• What JGIG Is:

    Joyfully Growing In Grace engages in an examination of beliefs found in the Hebrew Roots Movement, Messianic Judaism, and Netzarim streams of thought and related sects.

    The term “Messianic” is generally understood to describe Jews who have come to believe in Yeshua/Jesus as their Messiah. Jews who are believers in Jesus/Yeshua typically call themselves Jewish/Hebrew Christians or simply, Christians.

    Many Christians meet folks who say they are ‘Messianic’ and assume that those folks are Jewish Christians. Most aren’t Jewish at all, but are Gentile Christians who have chosen to pursue Torah observance and have adopted the Messianic term, calling themselves Messianic Christians, adherents to Messianic Judaism, or simply, Messianics. Some will even try to avoid that label and say that they are followers of "The Way".

    These Gentiles (and to be fair, some Messianic Jews) preach Torah observance/pursuance for Christians, persuading many believers that the Christianity of the Bible is a false religion and that we must return to the faith of the first century sect of Judaism that they say Yeshua (Jesus Christ) embraced. According to them, once you become aware that you should be 'keeping' the edicts and regulations of Mosaic Covenant Law, if you do not, you are then in willful disobedience to God.

    It has been my observation that Christians who adopt the label of Messianic identify more with the tenets of Judaism than they do with the tenets of Christianity. Many reject the label of Christian altogether and some eventually even convert to Judaism.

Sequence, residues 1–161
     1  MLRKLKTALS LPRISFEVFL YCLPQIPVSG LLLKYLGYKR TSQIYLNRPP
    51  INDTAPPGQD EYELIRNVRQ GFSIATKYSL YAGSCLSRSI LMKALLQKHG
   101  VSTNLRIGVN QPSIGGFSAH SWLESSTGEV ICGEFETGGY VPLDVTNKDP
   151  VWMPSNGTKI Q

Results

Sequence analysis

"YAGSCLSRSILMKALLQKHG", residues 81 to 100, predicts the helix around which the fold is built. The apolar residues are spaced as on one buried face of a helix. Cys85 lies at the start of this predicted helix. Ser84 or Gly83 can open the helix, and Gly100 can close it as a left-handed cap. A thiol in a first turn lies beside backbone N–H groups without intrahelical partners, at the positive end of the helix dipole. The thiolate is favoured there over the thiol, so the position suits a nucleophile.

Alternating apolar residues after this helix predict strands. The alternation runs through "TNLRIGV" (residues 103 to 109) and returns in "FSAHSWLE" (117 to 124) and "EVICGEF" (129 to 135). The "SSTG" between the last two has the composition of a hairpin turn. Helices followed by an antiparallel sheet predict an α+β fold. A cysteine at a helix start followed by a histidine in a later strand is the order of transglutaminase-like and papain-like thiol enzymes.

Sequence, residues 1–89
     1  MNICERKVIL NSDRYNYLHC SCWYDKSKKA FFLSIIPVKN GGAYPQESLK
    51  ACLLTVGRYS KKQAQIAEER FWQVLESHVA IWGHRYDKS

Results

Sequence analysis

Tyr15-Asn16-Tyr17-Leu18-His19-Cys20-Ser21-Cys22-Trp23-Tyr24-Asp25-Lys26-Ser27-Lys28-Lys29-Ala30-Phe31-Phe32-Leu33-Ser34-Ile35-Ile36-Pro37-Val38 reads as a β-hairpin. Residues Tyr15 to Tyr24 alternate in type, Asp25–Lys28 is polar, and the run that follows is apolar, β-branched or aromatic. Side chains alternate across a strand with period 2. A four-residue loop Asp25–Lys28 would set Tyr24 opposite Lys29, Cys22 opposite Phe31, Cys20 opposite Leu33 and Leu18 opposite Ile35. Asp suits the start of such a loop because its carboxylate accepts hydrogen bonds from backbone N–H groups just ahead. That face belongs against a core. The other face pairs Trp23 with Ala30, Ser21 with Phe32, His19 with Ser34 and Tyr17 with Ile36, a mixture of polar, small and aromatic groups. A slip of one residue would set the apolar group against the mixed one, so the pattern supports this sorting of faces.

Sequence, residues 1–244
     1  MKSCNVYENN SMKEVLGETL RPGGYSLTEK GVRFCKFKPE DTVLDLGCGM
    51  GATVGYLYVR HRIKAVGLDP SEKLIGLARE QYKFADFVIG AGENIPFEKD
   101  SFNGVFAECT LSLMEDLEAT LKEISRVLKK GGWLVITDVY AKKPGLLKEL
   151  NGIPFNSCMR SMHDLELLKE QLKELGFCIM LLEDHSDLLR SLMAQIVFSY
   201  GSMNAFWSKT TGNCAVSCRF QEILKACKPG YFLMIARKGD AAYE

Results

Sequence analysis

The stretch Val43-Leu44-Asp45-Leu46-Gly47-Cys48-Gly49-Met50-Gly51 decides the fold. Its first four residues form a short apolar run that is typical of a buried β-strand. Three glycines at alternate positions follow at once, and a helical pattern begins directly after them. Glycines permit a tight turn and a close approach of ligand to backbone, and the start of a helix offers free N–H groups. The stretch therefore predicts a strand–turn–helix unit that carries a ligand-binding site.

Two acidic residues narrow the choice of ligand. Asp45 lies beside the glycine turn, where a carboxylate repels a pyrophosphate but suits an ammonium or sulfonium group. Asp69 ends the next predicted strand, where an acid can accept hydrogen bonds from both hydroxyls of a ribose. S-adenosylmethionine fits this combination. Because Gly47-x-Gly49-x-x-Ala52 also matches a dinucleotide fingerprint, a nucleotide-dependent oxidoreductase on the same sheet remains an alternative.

1 Thessalonians 5:21-22 says, "But examine everything carefully; hold fast to that which is good; abstain from every form of evil."

    Joyfully Growing in Grace examines the methods, claims, and fruits of the Hebrew Roots Movement, Messianic Judaism, and Netzarim streams of thought and related, law-keeping sects.

    To borrow from a Forrest Gump quote, “Law ‘keepers’ are like a box of chocolates - ya never know what you’re gonna get!” The goal of JGIG is to be a resource to help those affected by the Torah pursuant movements to try and sort out what they’re dealing with. Make use of the tabs with drop-down menus found at the top of this site – there’s tons of info there, and it’s very navigable.

    Be sure to click on the many embedded links within the posts here - there's lots of additional and related information for you to access that way, as well.

    Welcome, and may God grant you wisdom and discernment as you consider all of these things.

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Discernment in Action (Chicken Wing Theology Applied)

So how does one “eat the meat and spit out the bones” when it comes to spiritual things?  (Click here to read “Chicken Wing Theology” in its entirety.)

Some exerpts from that post:

When the Holy Spirit Who is your Counselor nudges you or speaks to your heart or raises a red flag or pricks your spirit or does whatever He does to get your attention, LISTEN TO HIM.

. . . . it takes time and effort to sort truth from error; it can be time consuming and messy, but necessary for good spiritual health. 

Pray for wisdom and discernment and direction.  Be faithful to press on in that which the Holy Spirit is challenging you.  Be willing and faithful to step away from things He shows you are not for you, even if they are attractive to you. 

It’s your responsibility.

We are all called to leadership in some form, whether it be in our families, churches, Bible studies, work places, or just to lead our little old selves as we go through life.  Where I think our impression of the role of leadership requires the skill of direction, it more accurately requires the skill of navigation.  Navigation is the art of safely following a planned course.